When it came to sliding into the driver’s seats my body type–I can’t help it, I’M BIG BONED!–it was awkward titling my head to get through the door opening and I kept playing with the seat adjuster to find the perfect position in the CX-9. I encountered no such issues with the Telluride. Each seats seven, although the CX-9 has a bench-style, three-seater second row and the Telluride has two captain’s chairs, which do make it easier to get to the three fold-down, third-row seats in the very back. The driver’s seat in the Mazda has power with lumbar and memory for two positions, and both front seats can be heated. The Kia’s 12-way powered front seats can be heated and ventilated, as can the second-row seats as part of the $2,000 SX Prestige Package on the tester.
That Kia package also includes a head-up display and 110-volt inverter, Nappa leather seat trim, premium cloth headliner and sun visors and rain-sensing windshield wipers, the latter of which is included at no extra charge on the CX-9. The only optional equipment on my CX-9 tester were the cargo mat ($100), illuminated doorsill trim plates ($575) and the machine gray paint job ($300). Nothing extra was listed for the Telluride’s Dark Moss colored covering, but carpeted floor mats and cargo mat with seat back protection were $210 and $115 respectively.
These test vehicles come loaded, and the Kia and Mazda were pretty similar when it came to being overstuffed with goodies. Both had: keyless entry; push button starts; 20-inch alloy wheels; power lift gates; advanced cruise control; stability control features; LED headlights and fog lamps; power folding and heated outside mirrors; dual front, front side-impact and side curtain airbags; power moonroof (as Mazda calls it; Kia says “sunroof”); rear view cameras and surround/360-degree monitors; leather-trimmed interiors (black on the Telluride, auburn on the CX-9); and safety alerts, sensors and warnings for different driving and parking scenarios.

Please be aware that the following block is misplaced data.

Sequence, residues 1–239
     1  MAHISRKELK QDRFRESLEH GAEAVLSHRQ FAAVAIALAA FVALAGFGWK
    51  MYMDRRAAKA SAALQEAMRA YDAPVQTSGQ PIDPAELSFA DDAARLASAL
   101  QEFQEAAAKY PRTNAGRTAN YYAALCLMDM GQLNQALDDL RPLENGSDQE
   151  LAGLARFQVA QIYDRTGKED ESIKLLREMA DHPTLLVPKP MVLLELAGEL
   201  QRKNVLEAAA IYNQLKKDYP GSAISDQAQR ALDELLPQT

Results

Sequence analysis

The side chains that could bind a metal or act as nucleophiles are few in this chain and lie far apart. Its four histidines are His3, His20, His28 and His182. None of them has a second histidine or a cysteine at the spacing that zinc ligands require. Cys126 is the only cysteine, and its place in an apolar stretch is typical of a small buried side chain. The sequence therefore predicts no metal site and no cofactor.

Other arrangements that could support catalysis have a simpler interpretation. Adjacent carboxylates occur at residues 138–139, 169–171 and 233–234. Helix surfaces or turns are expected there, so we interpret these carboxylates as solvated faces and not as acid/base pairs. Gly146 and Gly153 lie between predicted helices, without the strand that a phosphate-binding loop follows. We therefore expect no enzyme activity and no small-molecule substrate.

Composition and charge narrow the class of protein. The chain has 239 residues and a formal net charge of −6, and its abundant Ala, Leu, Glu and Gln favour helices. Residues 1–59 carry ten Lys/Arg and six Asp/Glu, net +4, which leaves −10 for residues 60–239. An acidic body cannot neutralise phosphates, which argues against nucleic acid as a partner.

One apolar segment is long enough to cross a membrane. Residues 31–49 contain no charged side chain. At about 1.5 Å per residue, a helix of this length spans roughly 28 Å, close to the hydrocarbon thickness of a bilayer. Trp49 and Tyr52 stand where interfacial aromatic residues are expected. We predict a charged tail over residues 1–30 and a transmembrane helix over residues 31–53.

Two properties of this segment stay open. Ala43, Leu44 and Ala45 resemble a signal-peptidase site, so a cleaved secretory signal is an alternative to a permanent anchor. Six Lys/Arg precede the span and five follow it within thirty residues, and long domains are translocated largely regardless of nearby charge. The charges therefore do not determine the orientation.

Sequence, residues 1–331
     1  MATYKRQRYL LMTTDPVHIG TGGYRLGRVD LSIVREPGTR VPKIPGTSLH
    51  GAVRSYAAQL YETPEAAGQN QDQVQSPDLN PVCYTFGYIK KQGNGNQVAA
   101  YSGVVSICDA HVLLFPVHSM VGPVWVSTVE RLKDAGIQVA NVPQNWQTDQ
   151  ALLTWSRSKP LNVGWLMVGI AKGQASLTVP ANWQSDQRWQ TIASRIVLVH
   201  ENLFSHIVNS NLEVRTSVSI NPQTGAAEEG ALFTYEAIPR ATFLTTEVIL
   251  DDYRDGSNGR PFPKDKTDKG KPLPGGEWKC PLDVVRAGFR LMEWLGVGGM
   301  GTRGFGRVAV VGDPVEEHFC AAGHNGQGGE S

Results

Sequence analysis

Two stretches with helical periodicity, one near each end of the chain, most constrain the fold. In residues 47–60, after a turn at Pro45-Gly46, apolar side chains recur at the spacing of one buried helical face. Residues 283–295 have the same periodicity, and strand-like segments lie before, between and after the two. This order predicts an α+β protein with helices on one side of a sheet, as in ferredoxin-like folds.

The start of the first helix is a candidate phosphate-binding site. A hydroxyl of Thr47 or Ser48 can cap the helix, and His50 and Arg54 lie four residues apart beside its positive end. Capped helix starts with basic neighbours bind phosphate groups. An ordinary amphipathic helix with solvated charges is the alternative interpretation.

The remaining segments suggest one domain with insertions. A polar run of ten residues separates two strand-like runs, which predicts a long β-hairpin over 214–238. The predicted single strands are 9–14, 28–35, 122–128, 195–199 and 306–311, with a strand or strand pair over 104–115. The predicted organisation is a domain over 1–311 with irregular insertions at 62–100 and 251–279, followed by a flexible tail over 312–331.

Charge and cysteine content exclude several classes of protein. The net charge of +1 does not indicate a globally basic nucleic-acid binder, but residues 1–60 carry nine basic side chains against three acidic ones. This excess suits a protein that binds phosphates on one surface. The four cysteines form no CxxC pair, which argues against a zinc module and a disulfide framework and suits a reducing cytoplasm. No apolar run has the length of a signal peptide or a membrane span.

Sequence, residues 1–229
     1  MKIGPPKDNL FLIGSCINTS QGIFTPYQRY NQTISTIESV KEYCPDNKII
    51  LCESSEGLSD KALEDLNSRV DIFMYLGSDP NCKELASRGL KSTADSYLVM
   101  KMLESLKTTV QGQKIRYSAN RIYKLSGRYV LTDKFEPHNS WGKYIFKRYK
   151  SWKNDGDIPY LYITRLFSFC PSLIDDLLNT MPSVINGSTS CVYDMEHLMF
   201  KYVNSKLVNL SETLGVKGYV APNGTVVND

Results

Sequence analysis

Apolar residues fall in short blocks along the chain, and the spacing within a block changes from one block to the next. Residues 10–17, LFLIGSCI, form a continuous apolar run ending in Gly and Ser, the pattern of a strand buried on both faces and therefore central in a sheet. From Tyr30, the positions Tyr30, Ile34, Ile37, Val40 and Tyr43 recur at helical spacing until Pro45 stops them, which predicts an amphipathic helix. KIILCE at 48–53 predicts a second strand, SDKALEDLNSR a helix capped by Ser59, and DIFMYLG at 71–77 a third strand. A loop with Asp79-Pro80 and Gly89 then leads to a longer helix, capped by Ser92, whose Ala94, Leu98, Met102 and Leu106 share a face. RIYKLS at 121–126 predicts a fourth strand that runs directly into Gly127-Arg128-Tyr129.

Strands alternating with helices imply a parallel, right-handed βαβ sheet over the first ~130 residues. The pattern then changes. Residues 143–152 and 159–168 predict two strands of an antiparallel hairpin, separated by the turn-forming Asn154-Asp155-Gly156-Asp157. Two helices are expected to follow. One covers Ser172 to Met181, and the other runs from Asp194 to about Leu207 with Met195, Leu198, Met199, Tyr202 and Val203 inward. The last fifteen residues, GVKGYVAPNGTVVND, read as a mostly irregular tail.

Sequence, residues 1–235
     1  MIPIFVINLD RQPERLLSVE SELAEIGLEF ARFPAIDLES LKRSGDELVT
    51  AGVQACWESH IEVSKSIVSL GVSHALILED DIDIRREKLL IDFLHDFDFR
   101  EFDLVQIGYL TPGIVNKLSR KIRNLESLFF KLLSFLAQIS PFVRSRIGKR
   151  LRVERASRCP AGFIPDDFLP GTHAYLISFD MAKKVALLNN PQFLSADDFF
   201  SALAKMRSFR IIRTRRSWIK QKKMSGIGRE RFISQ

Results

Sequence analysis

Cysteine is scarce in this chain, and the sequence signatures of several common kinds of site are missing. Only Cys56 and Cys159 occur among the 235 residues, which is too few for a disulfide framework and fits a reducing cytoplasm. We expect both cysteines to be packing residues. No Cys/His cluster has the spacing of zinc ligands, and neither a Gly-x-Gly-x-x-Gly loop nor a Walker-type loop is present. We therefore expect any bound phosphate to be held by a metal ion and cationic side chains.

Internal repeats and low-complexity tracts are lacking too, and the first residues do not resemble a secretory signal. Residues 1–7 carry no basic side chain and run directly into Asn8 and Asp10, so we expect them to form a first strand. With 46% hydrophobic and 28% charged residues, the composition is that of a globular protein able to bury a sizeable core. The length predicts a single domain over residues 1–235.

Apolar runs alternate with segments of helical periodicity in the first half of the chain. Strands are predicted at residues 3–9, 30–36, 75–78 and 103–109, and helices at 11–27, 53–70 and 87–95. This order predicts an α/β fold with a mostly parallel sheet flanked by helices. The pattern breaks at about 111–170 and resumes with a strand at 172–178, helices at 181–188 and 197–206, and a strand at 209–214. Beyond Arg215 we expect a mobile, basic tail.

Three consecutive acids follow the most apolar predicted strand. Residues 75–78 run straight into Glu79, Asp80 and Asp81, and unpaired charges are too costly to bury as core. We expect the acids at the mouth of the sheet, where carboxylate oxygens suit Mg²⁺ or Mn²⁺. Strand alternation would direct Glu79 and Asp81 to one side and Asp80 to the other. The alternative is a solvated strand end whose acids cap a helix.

The Telluride has a 10-inch color touchscreen near dash controls for the Harmon/Kardon audio system, while the CX-9 has an 8-inch color touchscreen and Bose sound system. Both vehicles audio systems can also be controlled on their steering wheels. The Mazda has a rear roof spoiler and shark-fin antennae. The Telluride has these standard features the CX-9 does not: wireless phone charging; side window curtains; heated steering wheel; and fixed glass rear sunroof.
The base price on the CX-9 is $45,365 while the Telluride is $43,490. Adding in the respective extras and fees, the Kia still comes out less expensive, $46,806 versus $47,385.
Mazda offers a 60-month/60,000-mile (whichever comes first) powertrain warranty and 36 months/36,000 miles bumper-to-bumper with 24-hour roadside assistance.
Kia’s is 10 years/100,000 miles on the powertrain (limited) and five years/60,000 miles for the basic warranty and roadside assistance.
Even without the price and warranty differences, and I can’t believe I’m writing this given my overwhelmingly positive views of Mazdas (including the CX-9 I tested), head to head I have to go with the Telluride.
But as the ol’ car journo saying goes, I would not kick the CX-9 out of the bed.
OC Weekly Editor-in-Chief Matt Coker has been engaging, enraging and entertaining readers of newspapers, magazines and websites for decades. He spent the first 13 years of his career in journalism at daily newspapers before “graduating” to OC Weekly in 1995 as the alternative newsweekly’s first calendar editor.